By Patricia Mosele, PhD, Lecturer of French at the University of Colorado Boulder.
Many language teachers recognize that beginning classroom learners struggle significantly when asked to apply strategies for interacting successfully with peers to actual authentic speaking situations. This may be the case because students’ exposure to authentic target culture information is very limited, which renders classroom language practice unnatural. In response, some argue that mobile technology enables students to access authentic target language documents that they can then exploit for real world oral communication purposes e.g., to carry out role play, information-gathering, and knowledge gap tasks. Additionally, while in-class pair activities engage learners in spoken communication, use of mobile devices allows them to interact in writing as well as in speaking, thus providing some with a preferred context for target language expression. Given the availability and relative low cost of tablet technology, I opted to design a plan to integrate iPad devices into communicative task-based activities in my hybrid beginning French classroom to see if these kinds of activities would motivate student inquisitiveness and shore up student learning.
In the present paper, I describe a model I have developed to create Virtual Immersion Experiences for beginning students of French at the University of Colorado Boulder and report results of an action research project I undertook to determine if students’ participation in virtual immersion truly resulted in linguistic gains.
WHAT IS A ‘VIRTUAL IMMERSION EXPERIENCE’ (VIE)?
The expression “virtual immersion” has been used in various ways. For my purposes, a Virtual immersion Experience, is a language learning activity that exploits authentic target culture web sites in a hybrid environment, i.e., one that offers some face-to-face peer interaction in the traditional classroom as well as asynchronous peer interaction online. Additionally, learners use authentic iPad applications to connect from their classroom in Boulder, Colorado directly to the target culture in Paris, France. These apps included ParisMétro, for navigating in and around the city, as well as Pariscope and Figaroscope for identifying cultural and entertainment venues and others, such as Ideat, Galléries Lafayette, and Paris en scènes, for learning about shopping, museums, restaurants and hotels.
The main objective of the “Visiter Paris” activity was to place beginning students of French in interdependent collaborative roles as they work together to plan a virtual class trip to Paris using target culture information accessed via iPad devices. This Virtual Immersion Experience took place over one week of classes during a regular 15-week semester at CU Boulder but, because it made use of online tools, completion only required two 50-minute face-to-face class meetings.
ACTION RESEARCH STUDY RESULTS
The reason I decided to undertake an action research study on the effectiveness of virtual immersion was that I wanted to be able to provide new information about how motivation and language learning in a hybrid setting are affected by use of electronic mobile technology as compared to traditional print materials. Thus, I proposed four research questions:
With respect to the problem of determining learners’ motivations for language-learning:
1. When participants perform traditional classroom reading tasks using print materials, how are their attitudes toward language learning affected?
2. When participants perform classroom collaborative communicative tasks using iPad technology, how are their attitudes toward language learning affected?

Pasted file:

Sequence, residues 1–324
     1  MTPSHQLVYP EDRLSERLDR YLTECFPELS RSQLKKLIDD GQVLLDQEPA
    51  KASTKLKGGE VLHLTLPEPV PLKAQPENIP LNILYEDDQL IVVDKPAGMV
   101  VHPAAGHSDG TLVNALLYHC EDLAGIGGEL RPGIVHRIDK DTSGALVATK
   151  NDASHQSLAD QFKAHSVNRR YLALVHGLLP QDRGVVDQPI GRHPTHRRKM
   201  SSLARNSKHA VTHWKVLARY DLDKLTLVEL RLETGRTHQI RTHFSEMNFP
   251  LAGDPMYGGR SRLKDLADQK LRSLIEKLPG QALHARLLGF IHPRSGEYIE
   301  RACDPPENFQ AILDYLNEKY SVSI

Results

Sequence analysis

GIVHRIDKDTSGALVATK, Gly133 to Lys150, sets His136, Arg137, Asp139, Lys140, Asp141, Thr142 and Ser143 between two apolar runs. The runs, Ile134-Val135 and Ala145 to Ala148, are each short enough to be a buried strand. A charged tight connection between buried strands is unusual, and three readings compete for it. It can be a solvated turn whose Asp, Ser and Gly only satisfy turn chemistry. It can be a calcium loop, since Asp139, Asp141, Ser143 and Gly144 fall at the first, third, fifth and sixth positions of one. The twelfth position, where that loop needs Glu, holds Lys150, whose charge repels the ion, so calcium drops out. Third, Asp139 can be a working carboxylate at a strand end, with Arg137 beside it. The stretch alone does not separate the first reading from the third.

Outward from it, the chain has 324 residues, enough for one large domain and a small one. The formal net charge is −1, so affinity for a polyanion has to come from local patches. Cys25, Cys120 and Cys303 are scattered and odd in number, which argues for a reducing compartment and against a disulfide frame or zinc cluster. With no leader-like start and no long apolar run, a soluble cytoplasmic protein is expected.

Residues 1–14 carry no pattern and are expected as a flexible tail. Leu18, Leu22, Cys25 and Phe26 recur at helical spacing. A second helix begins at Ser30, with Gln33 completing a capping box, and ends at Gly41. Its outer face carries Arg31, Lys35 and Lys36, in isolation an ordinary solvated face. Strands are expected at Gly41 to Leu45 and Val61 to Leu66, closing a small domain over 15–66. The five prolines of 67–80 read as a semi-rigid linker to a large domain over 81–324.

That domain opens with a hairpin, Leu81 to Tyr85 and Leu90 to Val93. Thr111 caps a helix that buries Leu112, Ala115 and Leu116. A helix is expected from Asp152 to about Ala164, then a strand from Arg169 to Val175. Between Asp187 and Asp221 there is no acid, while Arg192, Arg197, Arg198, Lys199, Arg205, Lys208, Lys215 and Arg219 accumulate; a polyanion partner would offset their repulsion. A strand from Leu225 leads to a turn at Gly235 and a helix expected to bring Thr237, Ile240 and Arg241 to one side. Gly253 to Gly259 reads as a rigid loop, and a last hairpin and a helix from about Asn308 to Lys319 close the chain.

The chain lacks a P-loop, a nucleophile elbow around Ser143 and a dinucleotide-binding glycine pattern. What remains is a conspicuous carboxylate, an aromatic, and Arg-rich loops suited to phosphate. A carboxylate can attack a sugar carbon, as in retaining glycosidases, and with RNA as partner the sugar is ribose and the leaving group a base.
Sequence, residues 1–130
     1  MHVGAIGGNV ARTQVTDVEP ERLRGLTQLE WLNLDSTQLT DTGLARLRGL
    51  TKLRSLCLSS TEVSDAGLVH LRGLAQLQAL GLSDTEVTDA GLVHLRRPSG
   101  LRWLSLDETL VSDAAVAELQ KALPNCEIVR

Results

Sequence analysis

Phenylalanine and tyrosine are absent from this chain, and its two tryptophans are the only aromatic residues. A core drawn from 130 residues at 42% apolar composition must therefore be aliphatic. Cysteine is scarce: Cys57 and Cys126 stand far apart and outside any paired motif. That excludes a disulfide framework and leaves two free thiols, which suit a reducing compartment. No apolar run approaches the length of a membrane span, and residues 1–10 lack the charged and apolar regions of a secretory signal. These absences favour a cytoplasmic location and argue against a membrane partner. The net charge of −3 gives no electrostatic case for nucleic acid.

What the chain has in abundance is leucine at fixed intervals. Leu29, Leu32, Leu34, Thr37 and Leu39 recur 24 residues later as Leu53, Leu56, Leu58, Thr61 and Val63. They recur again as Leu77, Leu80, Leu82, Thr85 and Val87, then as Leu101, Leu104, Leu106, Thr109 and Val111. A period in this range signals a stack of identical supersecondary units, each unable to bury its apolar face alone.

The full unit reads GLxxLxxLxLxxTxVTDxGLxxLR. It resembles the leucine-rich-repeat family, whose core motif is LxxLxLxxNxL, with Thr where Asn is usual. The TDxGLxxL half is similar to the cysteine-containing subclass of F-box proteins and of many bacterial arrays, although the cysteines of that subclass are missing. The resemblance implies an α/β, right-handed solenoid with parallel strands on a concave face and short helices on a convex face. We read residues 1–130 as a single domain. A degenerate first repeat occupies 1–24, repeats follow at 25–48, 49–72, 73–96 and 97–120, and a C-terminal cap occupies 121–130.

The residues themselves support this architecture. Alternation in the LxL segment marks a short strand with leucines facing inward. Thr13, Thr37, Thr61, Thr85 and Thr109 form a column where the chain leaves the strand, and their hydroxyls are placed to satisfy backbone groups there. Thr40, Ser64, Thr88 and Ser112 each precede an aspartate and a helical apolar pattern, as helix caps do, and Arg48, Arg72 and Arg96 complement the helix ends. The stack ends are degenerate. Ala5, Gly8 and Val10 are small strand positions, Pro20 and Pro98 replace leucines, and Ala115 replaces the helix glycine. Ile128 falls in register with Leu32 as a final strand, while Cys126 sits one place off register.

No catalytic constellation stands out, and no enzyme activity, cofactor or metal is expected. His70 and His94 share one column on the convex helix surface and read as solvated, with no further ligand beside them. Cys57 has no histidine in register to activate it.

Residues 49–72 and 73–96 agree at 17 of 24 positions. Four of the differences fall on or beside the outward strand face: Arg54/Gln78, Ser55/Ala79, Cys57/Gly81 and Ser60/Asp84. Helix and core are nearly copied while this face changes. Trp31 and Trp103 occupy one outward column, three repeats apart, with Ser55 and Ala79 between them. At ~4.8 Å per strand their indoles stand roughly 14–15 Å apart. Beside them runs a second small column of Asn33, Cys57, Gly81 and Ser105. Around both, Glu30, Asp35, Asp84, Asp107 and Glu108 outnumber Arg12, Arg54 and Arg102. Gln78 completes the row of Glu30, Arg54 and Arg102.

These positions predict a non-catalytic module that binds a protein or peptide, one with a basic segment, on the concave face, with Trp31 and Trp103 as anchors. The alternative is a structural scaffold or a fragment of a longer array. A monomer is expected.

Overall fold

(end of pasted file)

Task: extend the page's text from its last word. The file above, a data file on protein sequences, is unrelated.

I chose to focus on just one linguistic aspect of language learning, vocabulary. With respect to the problem of determining participants’ success in learning target language vocabulary:
3. When participants engage in traditional classroom tasks using print materials, to what extent does the activity have an impact on vocabulary learning as evidenced by performance on periodic post-task assessments?
4. When participants engage in classroom collaborative communicative tasks using iPad devices, to what extent does the activity have an impact on their vocabulary learning as evidenced by performance on periodic post-task assessments?
Participants in the study were 17 American university learners enrolled in a beginning French class. These participants ranged in age from 17 to 24 years. Of the 17 students, nine were in their first semester of college, five were in their second year, two were third-year students and one was in the fourth year. There were five males and 12 females. Sixteen of the students were native speakers of American English and one was a native speaker of Farsi. Seven students had previous instruction in French (from one to three years in high school) while the other ten students had never studied French before. The group, as composed, was generally representative of university classes of beginning French learners at the University of Colorado Boulder.
I used a number of instruments to get useful data, including: (1) pre-task assessments of learners’ existing knowledge of the French lexical forms they used in carrying out the two language learning tasks, (2) pre-task assessments of learners attitudes about language learning, (3) post-task and post-post task assessments of learners’ attitudes about language learning, administered one week apart, and (4) post-task and post-post-task assessments of learners’ knowledge of target language lexical forms, also administered one week apart. While data on learner attitudes were analyzed based on participant responses to survey questionnaires, data on vocabulary learning were collected using researcher-prepared instruments that included matching French words and expressions to their English equivalents (on the post-task assessment) and translation of the same French words and expressions into English (on the pre-task and post-post-task assessments).